The answer to your question is rather simple: Backwards-compatibility means not changing the meaning of existing code. Since there is no existing code using user-defined operators, because user-defined operators do not exist, introducing them cannot possibly break backwards-compatibility. Foo a = new Foo(); Foo b = new Foo(); Foo c = a + b; Such code ...


5

What about creating a class to hold your arguments? This class would contain both open and close parameters and either of them could be NULL. Then, there will be only one strip method with above class as argument and method will decide if it wants to use open/close if they are set.


5

I somewhat agree. If you write multiply(j,5), j could be of a scalar or matrix type, making multiply() more or less complex, depending on what j is. However, if you abandon the idea of overloading altogether, then the function would have to be named multiply_scalar() or multiply_matrix() which would make it obvious what's happening underneath. There's ...


4

I see two problems with operator overloading. Overloading changes the semantics of the operator, even if that is not intended by the programmer. For example, when you overload &&, || or ,, you lose the sequence points that are implied by the built-in variants of these operators (as well as the short-circuiting behaviour of the logical operators). ...


4

Despite "I'm not considering static methods, just operators", the statement immediately before it suggests you are asking for a static operator(). If this were possible, the most vexing parse would be much more vexing! Upon further inspection, it reads like you are basically in the market for a static function. The whole purpose of operator() is to make a ...


4

An "overloaded" function has to be polymorphic, because it's impossible to write a class constraint unless the function signature already contains a type variable. Based on this, I wouldn't say that overloaded is a very useful concept in Haskell.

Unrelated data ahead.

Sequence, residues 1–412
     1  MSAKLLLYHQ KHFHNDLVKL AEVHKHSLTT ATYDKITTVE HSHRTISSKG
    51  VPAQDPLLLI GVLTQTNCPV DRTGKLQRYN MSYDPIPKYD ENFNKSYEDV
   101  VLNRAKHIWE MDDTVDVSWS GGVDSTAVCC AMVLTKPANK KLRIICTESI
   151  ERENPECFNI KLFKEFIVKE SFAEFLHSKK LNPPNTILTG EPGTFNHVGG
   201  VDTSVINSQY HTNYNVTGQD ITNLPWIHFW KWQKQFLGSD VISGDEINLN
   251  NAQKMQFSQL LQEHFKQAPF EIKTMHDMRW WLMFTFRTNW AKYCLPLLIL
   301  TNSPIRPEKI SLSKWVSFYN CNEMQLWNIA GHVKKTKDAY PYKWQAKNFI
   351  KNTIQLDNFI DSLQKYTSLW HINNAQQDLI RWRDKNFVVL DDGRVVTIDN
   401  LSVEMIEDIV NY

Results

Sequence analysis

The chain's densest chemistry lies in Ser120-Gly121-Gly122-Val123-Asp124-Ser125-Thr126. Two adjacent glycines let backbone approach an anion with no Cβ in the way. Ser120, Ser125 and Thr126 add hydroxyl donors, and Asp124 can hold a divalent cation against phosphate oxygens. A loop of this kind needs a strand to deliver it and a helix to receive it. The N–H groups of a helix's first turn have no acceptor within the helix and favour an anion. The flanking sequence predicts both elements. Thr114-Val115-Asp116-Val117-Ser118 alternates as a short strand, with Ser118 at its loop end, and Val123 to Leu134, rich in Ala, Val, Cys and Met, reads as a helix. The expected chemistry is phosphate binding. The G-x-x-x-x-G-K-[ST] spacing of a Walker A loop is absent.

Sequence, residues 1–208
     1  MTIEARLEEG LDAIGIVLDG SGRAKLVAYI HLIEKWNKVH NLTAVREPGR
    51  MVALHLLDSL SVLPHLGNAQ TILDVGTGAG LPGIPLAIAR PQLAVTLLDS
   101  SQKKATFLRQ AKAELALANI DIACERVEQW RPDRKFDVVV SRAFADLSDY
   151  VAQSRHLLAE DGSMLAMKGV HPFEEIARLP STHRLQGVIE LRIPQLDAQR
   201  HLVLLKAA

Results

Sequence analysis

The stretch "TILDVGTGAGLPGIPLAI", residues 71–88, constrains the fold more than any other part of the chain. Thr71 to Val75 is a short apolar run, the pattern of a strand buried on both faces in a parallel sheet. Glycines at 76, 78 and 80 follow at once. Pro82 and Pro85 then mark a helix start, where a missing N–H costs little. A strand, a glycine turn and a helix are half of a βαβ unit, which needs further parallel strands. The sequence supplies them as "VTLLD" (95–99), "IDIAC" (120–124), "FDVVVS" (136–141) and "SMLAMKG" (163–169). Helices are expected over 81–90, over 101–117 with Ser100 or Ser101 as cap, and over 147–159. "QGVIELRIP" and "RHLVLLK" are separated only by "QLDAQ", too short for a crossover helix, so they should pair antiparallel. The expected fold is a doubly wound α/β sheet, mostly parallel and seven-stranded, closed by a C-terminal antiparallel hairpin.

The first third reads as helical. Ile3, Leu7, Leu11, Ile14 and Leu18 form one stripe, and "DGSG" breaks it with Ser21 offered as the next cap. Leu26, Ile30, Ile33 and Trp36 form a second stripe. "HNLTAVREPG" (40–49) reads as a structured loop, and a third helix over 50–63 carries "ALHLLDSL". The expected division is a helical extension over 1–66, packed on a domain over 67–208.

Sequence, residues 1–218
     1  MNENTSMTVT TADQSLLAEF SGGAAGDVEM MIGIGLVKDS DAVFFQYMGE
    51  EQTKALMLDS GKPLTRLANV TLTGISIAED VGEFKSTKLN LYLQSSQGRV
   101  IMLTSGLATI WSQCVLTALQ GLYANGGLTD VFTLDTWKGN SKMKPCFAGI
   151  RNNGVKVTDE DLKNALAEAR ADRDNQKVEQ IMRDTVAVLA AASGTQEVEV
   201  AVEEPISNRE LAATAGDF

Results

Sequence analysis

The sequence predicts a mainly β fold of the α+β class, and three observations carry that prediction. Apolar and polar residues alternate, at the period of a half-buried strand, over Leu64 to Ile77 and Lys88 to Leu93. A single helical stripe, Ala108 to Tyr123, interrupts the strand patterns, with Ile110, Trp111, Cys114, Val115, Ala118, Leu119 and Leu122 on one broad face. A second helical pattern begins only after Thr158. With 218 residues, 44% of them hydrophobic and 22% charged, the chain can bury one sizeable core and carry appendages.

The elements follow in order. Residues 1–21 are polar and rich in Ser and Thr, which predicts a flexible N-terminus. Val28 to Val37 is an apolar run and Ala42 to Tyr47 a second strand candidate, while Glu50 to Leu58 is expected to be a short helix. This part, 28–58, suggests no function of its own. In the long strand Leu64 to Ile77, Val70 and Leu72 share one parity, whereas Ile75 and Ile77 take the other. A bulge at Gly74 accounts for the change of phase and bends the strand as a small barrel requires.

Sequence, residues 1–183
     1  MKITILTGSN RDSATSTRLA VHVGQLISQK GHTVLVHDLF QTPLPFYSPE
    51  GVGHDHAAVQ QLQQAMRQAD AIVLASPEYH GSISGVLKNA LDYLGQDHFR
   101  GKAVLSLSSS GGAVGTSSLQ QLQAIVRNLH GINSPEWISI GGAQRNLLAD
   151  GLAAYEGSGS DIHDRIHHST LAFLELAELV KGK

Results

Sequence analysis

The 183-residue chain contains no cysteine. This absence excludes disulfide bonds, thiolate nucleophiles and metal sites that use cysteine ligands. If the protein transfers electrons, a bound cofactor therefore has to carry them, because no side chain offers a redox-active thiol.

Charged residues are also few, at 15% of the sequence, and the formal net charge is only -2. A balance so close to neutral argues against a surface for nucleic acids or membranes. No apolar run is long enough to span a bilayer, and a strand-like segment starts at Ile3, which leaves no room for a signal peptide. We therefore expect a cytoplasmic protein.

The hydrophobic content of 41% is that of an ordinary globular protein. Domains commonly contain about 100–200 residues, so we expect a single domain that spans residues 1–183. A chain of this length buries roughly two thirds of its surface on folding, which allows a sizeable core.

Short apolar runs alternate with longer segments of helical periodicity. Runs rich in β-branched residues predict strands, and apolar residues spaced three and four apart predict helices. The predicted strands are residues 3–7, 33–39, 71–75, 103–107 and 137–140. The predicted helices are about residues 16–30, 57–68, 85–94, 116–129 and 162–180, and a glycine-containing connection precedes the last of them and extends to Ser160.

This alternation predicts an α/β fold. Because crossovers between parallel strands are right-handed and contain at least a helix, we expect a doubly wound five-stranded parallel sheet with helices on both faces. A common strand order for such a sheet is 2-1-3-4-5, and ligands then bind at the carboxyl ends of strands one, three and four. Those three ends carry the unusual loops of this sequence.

4

There are many options, it's your tradeoff which to take: Decision at runtime: Add a defaulted bool argument: QString MyClass::strip(QRegularExpression regex, bool close=false); // Mimic the two-regex-variants interface as good as possible Use scoped enum's and no default as a variant on 1 which is more descriptive: enum class option { open, close }; ...


3

I would suggest QString MyClass::strip(); QString MyClass::strip(QRegularExpression regex, bool opening=false); QString MyClass::strip(QRegularExpression open, QRegularExpression close); and perhaps QString MyClass::strip_open(QRegularExpression regex); QString MyClass::strip_close(QRegularExpression regex); or replace the bool opening with e.g. enum ...


3

"-" is used in some compound words (for example, "on-site") for joining the different parts into the same word. Why don't we use "-" for joining different strings together in programming languages? I think it would make perfect sense! To hell with this + nonsense! However, let's try looking at this from a bit more abstract angle. How would you define ...


3

This doesn’t answer the question definitively, but the earliest use of it I can find is from John Peck, recalling a meeting about the Algol standard in Warsaw in 1966: “What I can remember of that meeting was the insistence of John McCarthy, that any new language should have what he called overloading of operators. This would eventually became the operation ...